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Tournament Poker Book Information and Review

  • Paperback
  • ISBN 1-880685-28-0
  • ISBN 1880685280
  • Text Copyright
  • David Sklansky explains Expected Value early in this book. Sklansky uses a coin flip as an example, "if someone stupidly offered you $300-to$200 of a flip of a coin, you have an expected value of positive $50." [16]

    A key concept with tournaments is that it may not always be right to make the play with higher expected value, "it turns out that in a tournament it is not always right to choose the play with the slightly higher EV. This is because the higher EV bet may be more likely to lose." [17]

    Slowplaying in tournaments can be dangerous, "Unless you have a 'monster' hand, slowplaying, while often making you more when it works, entails an extra risk of losing the pot. This risk is often worth taking in a regular game, but not in a tournament." [21]

    The Gap Concept is discussed early in the book, "There is a very important general principle understood by all good poker players. That is, you need a better hand to play against someone who has already opened the betting than you would need to open yourself." [27] The size of the gap depends on how your opponents are playing, "If your opponents are quite loose, there may be no gap at all." [27-28] The gap concept is consistent with tournament strategy, "You avoid confrontations with those who have already shown strength, and you take advantage of those who are trying to preserve their chips." [28]

    The author clarifies that the gap concept does not apply when someone just limps in ahead of you instead of raising before you act. He goes on to say that limping is generally not a good idea in tournaments, "In general, you should rarely limp in in a limit hold'em tournament. There is simply too great a chance that you will steal the blinds with a raise." [51]

    Strategies change with chip counts, "I have often heard it said that, if your stack is short, you must take chances now because you will not have enough chips to play with once the stakes go up. That is totally wrong. In fact, if anything, the reverse is true." [57]

    There appears to be a typo on page 65. The author is talking about Q5s in the body but Q7 in the footnote. [65]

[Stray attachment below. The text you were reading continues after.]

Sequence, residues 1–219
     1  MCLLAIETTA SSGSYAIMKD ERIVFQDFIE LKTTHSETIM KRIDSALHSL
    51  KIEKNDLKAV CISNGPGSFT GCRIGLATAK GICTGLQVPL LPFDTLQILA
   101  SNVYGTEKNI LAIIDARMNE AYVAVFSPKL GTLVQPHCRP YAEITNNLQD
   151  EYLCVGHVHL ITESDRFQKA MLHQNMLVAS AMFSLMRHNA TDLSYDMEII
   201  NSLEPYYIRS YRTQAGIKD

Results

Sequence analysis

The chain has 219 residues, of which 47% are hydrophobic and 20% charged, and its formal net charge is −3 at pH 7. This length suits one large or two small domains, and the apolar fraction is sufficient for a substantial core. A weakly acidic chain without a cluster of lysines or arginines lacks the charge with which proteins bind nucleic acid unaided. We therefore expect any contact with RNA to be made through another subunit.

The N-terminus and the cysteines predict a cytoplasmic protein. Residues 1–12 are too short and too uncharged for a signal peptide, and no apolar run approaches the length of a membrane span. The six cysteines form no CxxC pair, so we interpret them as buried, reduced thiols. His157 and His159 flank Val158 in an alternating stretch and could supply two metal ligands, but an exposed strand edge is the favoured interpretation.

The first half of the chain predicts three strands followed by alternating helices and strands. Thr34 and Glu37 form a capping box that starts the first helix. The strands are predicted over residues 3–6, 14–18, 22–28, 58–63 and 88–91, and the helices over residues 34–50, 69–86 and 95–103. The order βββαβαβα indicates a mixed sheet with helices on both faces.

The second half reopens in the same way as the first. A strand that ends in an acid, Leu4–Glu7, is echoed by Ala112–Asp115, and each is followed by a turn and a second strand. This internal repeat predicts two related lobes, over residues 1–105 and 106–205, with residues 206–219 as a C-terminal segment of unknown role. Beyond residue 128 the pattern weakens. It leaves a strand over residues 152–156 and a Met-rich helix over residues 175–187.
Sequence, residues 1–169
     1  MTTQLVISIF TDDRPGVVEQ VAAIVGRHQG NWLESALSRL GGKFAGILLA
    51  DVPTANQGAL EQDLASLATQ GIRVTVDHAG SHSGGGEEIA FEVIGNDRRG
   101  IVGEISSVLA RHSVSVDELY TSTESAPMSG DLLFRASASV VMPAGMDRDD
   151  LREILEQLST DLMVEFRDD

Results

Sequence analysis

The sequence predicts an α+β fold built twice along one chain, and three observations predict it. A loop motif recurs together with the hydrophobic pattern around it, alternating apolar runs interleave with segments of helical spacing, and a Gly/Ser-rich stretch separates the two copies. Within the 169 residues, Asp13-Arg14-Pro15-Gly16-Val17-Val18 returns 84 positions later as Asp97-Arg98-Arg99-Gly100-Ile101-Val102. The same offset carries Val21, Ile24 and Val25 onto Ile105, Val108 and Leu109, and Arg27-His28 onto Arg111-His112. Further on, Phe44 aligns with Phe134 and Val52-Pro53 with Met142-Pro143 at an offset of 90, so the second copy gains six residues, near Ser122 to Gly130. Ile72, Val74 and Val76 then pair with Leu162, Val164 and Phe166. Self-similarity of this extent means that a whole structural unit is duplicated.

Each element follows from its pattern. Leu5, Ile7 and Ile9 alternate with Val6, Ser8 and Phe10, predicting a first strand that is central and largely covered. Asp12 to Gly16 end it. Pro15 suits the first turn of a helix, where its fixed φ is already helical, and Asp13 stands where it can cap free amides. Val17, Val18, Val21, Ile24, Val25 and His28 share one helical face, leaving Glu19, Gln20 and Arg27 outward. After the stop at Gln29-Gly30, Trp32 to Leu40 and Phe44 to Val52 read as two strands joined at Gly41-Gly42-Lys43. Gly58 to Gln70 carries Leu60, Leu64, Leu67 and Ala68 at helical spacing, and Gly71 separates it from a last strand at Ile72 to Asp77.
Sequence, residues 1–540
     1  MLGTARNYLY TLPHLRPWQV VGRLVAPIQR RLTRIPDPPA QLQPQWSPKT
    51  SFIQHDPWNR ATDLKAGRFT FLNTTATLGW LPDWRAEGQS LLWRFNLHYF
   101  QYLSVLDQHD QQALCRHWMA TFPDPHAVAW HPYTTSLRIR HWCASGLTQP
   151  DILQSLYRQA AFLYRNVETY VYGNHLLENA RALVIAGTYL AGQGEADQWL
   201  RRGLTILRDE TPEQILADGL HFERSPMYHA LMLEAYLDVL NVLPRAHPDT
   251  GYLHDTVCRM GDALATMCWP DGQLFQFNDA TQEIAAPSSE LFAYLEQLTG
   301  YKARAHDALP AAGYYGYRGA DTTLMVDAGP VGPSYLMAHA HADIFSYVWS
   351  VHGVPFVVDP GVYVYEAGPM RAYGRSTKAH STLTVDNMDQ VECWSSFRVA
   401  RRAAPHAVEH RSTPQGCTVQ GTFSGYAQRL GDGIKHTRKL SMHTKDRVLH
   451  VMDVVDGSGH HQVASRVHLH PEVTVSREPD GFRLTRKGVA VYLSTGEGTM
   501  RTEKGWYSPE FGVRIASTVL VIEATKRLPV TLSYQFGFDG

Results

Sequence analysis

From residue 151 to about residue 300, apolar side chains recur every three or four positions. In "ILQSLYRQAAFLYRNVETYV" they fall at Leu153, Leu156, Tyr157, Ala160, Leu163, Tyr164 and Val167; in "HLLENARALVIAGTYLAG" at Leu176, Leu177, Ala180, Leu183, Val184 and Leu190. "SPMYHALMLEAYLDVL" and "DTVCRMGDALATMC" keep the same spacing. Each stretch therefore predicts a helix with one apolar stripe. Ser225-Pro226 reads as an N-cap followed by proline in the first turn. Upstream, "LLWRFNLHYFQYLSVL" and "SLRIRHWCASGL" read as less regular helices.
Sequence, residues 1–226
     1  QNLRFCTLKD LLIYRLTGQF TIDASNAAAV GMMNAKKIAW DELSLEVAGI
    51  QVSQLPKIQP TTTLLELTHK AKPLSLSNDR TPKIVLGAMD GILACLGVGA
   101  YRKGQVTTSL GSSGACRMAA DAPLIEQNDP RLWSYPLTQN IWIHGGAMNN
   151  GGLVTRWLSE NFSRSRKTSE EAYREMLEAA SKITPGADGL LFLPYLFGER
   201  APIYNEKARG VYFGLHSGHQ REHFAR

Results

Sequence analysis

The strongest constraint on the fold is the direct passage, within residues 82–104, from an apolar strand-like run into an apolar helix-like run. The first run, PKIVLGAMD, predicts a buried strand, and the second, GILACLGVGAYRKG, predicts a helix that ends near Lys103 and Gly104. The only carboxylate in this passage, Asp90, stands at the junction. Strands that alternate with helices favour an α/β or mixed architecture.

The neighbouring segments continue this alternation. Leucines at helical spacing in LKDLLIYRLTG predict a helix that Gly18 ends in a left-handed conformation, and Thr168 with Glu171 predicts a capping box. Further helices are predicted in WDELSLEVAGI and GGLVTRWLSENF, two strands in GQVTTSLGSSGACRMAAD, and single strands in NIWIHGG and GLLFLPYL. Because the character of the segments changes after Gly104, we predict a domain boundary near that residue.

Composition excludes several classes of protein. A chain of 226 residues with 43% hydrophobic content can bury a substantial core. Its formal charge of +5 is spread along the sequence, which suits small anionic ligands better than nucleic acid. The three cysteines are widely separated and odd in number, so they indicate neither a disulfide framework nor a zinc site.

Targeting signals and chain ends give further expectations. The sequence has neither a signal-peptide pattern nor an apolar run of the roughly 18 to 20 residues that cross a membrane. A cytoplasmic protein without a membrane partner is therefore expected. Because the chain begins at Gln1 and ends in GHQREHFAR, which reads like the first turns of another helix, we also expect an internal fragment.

All-in situations are frequent in tournaments and the author runs through some scenarios. "Suppose you are playing limit hold'em and are in the big blind, and all you have left is just enough to call a raise. All fold to the small blind, who raises without looking at his cards. you have 32. Should you call? Yes because a trey-deuce has a 32 percent chance of beating two random cards, and you are getting 3-to-1 on this call." The footnote explains that "trey-deuce is the worst possible hand played against two random cards 'hot and cold', i.e. no betting." [69]

    It is important to understand how many different ways hands can be dealt, "a pair of aces can be dealt in six different ways, Ditto for the kings. Ace-king, on the other hand, can be dealt in 16 different ways." [72]

    The author makes it clear that one should not raise in no limit hold'em unless the reaction from a reraise is obvious, "So again, do not raise in no limit hold'em, especially tournaments, if there is a reasonable chance that a reraise will make you throw up." [92]

    AK is a solid hand in no-limit hold'em and it is often best played by moving all in, "moving in before the flop with ace-king is often the best way to play that hand. It is important to understand, however, that it is a lot better to be the bettor when you put your money in, rather than calling someone else's all-in bet." [116]

    The author has a system for beginner no limit tournament players. He taught it to a female player as follows:
    1. If someone else has raised in front of you, move in all your chips with aces, kings, or ace-king suited. Otherwise fold.
    2. If not one else has raised in front of you, move in all your chips with any pair, any ace-other suited, ace-king(suited or offsuit), or two suited connected cards, except for four-trey or trey-deuce. [123] He goes on to elaborate, "Notice that the hands that she was to move in with(again, when no one raised in front of her) comprised about 13 percent of all the two card cominations.(If you don't know how I got that, stop reading this book right now. You are not ready for it. You don't know enough about poker. And, you deserve to lose.)" [124]

    I thought it would be fun to do the math behind the above statement so I worked it out as follows:
    Since there are 52 cards and 2 places that means there are combin(52,2) possible hands. In other words there are 52!/50!*2! or 1326 possible hands

    It is even easier to show with 5 cards in the deck. Suppose the only cards we have are T,J,Q,K,A of clubs. The possible hands are as follows:
    This is equal to 4+3+2+1 or (4+1)*(4/2)=5*2=10

    Moving on, we have 51+50+49+...+1=52*51/2=51*26=1326
    The hands we move in with are as follows:
    pairs=13 pairs*6 ways of having each pair=78
    two suited connectors except four-trey and trey-deuce means we have: 45s,56s,67s,78s,89s,9Ts,TJs,JQs,QKs(A2s is dealt with in ace-other suited)=9*4=36
    ace-other suited means we have: A2s,A3s,A4s,A5s,A6s,A7s,A8s,A9s,ATs,AJs,AQs=11*4=44
    Adding this together we have (78+16+36+44)/1326=(94+80)/1326=174/1326=13.1%

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